Consultants’ Contact Details

  • Joe Scarratt – 07956 870263 jscarratt@theandersonscentre.co.uk
  • George Cook – 07836 707360 gcook@theandersonscentre.co.uk
  • Oliver Hall – 07815 881094 ohall@theandersonscentre.co.uk
  • Tony Evans – 07970 731643 tevans@theandersonscentre.co.uk
  • David Thomas (Wales) – 07850 224524 dthomas@theandersonscentre.co.uk
  • Edward Calcott – 07827 317672 ecalcott@theandersonscentre.co.uk
  • Jonathan Hughes – 07892 689544 jhughes@theandersonscentre.co.uk

Spot Light on: Future Farm Policy

Defra has published a policy statement outlining its plans for farm support in England.  This is to accompany the Agriculture Bill as it enters the Committee stage in Parliament.  A summary is given below.


The plans for the ‘Agricultural Transition’ as set out in the original Statement of September 2018 remain unchanged.  Direct payments (i.e. BPS) will be phased-out starting in the 2021 year, with 2027 being the last year any will be made.  The phasing process is still unknown with only the first year’s deductions being set (see table).  Again, these are unchanged from what has been announced previously.  A few new points emerge from the document;

  • deductions in future years will depend on the funding required for other elements of the Government’s plans.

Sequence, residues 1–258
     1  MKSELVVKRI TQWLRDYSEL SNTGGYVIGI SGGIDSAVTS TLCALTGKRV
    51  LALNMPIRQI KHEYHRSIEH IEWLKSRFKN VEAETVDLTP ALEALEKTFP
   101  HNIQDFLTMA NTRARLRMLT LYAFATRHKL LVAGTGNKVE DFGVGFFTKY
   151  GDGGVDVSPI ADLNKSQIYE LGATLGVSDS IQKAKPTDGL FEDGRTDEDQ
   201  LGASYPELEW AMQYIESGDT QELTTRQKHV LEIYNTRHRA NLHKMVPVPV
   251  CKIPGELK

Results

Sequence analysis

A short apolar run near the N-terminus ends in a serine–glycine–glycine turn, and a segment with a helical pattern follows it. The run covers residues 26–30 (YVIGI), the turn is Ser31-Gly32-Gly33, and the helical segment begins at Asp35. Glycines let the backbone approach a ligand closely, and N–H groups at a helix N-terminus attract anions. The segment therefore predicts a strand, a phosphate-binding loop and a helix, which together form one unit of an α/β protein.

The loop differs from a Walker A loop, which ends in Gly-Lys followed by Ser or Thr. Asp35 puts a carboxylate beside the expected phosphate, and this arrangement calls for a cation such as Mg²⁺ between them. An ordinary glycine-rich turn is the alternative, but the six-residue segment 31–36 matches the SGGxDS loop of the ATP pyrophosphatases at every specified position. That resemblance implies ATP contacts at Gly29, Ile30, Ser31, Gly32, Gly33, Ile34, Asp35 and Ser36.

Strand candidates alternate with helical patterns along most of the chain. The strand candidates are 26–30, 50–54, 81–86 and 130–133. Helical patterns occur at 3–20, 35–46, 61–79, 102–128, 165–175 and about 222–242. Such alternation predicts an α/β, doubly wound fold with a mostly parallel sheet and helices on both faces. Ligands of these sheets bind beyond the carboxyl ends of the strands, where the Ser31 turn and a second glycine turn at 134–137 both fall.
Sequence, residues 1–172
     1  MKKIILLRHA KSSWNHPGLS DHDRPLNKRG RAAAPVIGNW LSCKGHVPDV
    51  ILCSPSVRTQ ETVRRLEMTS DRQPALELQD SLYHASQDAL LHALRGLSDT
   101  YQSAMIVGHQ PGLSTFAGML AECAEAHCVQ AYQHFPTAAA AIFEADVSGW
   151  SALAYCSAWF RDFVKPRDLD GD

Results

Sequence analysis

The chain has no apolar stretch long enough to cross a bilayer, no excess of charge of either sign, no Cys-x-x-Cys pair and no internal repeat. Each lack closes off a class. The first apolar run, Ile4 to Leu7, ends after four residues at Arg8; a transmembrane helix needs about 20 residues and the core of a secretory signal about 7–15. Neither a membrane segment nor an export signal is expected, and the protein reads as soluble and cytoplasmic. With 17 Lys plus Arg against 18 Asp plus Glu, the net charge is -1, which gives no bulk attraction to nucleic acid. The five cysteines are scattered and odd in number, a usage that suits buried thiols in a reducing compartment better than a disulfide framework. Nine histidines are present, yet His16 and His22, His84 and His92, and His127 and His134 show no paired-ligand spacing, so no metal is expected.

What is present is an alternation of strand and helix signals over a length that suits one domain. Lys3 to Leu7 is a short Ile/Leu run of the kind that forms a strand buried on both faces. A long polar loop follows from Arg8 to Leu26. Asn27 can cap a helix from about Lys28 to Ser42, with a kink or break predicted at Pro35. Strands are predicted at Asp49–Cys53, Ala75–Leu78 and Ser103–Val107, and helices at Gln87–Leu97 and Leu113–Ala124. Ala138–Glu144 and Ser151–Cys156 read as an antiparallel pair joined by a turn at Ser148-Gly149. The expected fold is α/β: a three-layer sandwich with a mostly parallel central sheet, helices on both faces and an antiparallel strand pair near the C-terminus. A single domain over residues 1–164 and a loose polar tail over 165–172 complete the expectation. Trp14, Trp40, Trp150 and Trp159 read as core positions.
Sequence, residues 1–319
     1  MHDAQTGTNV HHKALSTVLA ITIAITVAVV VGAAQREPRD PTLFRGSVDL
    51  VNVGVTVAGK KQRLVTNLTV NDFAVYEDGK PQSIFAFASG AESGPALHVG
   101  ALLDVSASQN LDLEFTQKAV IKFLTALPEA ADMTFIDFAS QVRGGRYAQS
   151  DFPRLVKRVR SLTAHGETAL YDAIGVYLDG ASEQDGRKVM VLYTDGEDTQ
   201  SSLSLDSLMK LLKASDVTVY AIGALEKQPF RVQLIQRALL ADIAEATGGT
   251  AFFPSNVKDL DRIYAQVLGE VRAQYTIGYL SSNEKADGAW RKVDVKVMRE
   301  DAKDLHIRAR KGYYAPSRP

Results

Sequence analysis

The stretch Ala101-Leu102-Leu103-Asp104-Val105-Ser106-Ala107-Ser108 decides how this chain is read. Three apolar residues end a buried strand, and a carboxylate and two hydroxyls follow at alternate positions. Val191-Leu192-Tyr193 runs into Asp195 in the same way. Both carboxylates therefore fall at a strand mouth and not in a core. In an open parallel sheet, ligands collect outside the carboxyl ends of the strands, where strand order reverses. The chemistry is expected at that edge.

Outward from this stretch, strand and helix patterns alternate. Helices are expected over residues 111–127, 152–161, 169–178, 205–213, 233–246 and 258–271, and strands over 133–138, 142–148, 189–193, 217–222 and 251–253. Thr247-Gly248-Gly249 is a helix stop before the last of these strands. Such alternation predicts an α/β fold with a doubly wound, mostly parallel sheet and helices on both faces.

• delinking of payments from land will occur during the Transition.  This will happen from 2022 at the earliest.  Once this is done, there will be no link between land occupation and payments, and entitlements will disappear – there will just be a right to support for the business or individual claiming in a reference period.  There will be no requirement for that business to carry on farming.  A consultation is promised on the mechanics of delinking
  • when delinking occurs, there will be no link between land and subsidy, so the cross-compliance regime will end at this point.  Defra plans to bring in an alternative regulatory regime.
  • the option to allow the delinked payments to be capitalised into a one-off lump sum is still being considered.